The first road through Anoka County was established in 1835 to aid those traveling between Minneapolis and Anoka. The road was commonly known as the Red River Ox Cart Trail, now East River Road and Coon Rapids Boulevard, followed the Mississippi River north before turning toward Anoka. The journey took about two days by horse or wagon and rambled through farmland, forest, and peat bogs. Along this road is where the first locally based industry in Coon Rapids was located – the brickyards. Today, barely a trace of the brickyards remain. But for the curious, a few clues can still be found.
The first brickyard in Coon Rapids was the Anoka Pressed Brick and Terra Cotta Company. In 1881 Dr. D.C. Dunham located a large deposit of red clay not far off of the Red River Ox Cart Trail. The company only employed a handful of workers. Even though they used the best machinery of the day, it was still an extremely laborious job. Workers dug clay from a pit by hand and used a crane to bring it to the surface. After being excavated, the clay would be transported on a on a track, unloaded, mixed with water, and then sent through a machine with rollers that would compact it into a ribbon as thick as brick. Wires were used to cut individual brick lengths from the ribbon of clay. The bricks were then piled by hand and fan dried with hot air until the outside was dry and set. Finally, the bricks were placed in a large coal-fired kiln where the brick was burned. It would take several days for the fires to temper the brick. When the process was complete, each brick weighed about 5.5 lbs.
Today, the only remnant of this very successful venture is the Al Flynn Pond (known to local residents as the clay hole) near Coon Rapids Boulevard and 100th Lane NW. In 1888, workers digging clay struck an underground spring at about 90 feet down. The pit quickly filled with water and the brick-making at the Anoka Pressed Brick and Terra Cotta Company came to a stop. By the 1930s the water-filled pit had become a popular swimming hole for local residents until the 1990s when it was closed because of water safety concerns. It’s rumored that that the crane or the steam shovel used for digging is still at the bottom of the pit.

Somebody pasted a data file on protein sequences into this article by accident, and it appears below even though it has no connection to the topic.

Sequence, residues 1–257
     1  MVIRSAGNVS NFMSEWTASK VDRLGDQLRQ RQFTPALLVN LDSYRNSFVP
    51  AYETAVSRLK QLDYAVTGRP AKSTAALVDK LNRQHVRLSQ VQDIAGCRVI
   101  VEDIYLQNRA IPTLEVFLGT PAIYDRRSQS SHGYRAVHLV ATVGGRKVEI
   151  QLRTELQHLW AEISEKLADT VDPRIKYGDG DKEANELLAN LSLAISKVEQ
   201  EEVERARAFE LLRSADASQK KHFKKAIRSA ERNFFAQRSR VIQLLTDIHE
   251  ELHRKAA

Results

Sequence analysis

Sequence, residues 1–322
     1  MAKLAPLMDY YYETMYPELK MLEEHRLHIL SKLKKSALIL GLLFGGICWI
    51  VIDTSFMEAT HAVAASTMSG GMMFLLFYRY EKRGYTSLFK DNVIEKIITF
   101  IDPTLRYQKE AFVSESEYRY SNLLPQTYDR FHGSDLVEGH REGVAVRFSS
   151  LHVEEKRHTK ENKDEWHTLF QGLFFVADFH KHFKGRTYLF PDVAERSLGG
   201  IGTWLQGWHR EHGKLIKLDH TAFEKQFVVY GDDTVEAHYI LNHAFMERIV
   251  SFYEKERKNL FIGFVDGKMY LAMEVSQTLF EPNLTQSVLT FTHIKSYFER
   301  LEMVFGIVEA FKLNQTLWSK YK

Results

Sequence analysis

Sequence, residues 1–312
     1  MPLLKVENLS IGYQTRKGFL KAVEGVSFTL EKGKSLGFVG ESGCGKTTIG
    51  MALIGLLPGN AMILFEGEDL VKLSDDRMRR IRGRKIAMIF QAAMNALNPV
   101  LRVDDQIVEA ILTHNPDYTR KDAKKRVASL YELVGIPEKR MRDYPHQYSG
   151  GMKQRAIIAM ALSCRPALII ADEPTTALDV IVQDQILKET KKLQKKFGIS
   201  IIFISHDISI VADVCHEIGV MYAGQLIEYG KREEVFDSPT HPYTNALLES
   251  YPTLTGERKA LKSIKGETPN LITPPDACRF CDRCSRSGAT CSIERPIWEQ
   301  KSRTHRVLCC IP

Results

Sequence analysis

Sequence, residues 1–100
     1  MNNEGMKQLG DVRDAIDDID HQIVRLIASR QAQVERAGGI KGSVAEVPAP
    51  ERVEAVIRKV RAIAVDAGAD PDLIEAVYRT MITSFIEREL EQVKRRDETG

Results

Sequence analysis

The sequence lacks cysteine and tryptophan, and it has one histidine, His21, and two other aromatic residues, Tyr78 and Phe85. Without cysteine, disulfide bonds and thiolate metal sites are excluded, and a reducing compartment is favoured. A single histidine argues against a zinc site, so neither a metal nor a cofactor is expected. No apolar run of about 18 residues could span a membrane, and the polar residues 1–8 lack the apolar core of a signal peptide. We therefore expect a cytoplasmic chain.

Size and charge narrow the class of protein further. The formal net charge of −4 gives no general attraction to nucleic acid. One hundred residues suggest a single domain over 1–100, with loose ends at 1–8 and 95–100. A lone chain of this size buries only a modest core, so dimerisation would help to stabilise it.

The largest and longest-running brick making operation in Coon Rapids was also located along the Red River Ox Cart Trail. Perched on the banks of the Coon Creek near the Mississippi River, the Minnesota Clay Company employed over 100 workers. By 1885 they produced nearly 60,000 bricks per day using the same process as the Anoka Pressed Brick and Terra Cotta Company. Workers would dig clay from the banks of the Mississippi River, but had to be careful not to dig too deep because the clay gave way to quicksand at a depth of about 25 feet. After the clay was formed into bricks and dried, it was sent to several large coal-fired kilns along the Red River Ox Cart Trail to be burned. The Minnesota Clay Company produced bricks for about 25 years before running out of high-quality red clay. The company’s kilns were used for several more years by the Minnesota Ceramics Company until about 1935. The kilns were dismantled, but one of the 109-foot chimneys remained. For almost 50 years the chimney stood abandoned and surrounded by trees on the corner of East River Road and 86th Lane NW. During a thunderstorm on June 25, 1980 the chimney was struck by lightening and severely damaged. The City of Coon Rapids deemed the damaged chimney a safety risk and demolished the last structural remnant of the brick-making industry in Coon Rapids on July 2, 1980. A historical marker now stands near where the chimney had been.
The Coon Rapids brickyards produced some of the finest bricks in the region between 1881 and 1920. The rich red color became very popular and was requested by builders as far away as St. Louis. However, you don’t have to drive very far to see these fine bricks still in use. The highest concentration of buildings made from Coon Rapids brick is in downtown Anoka.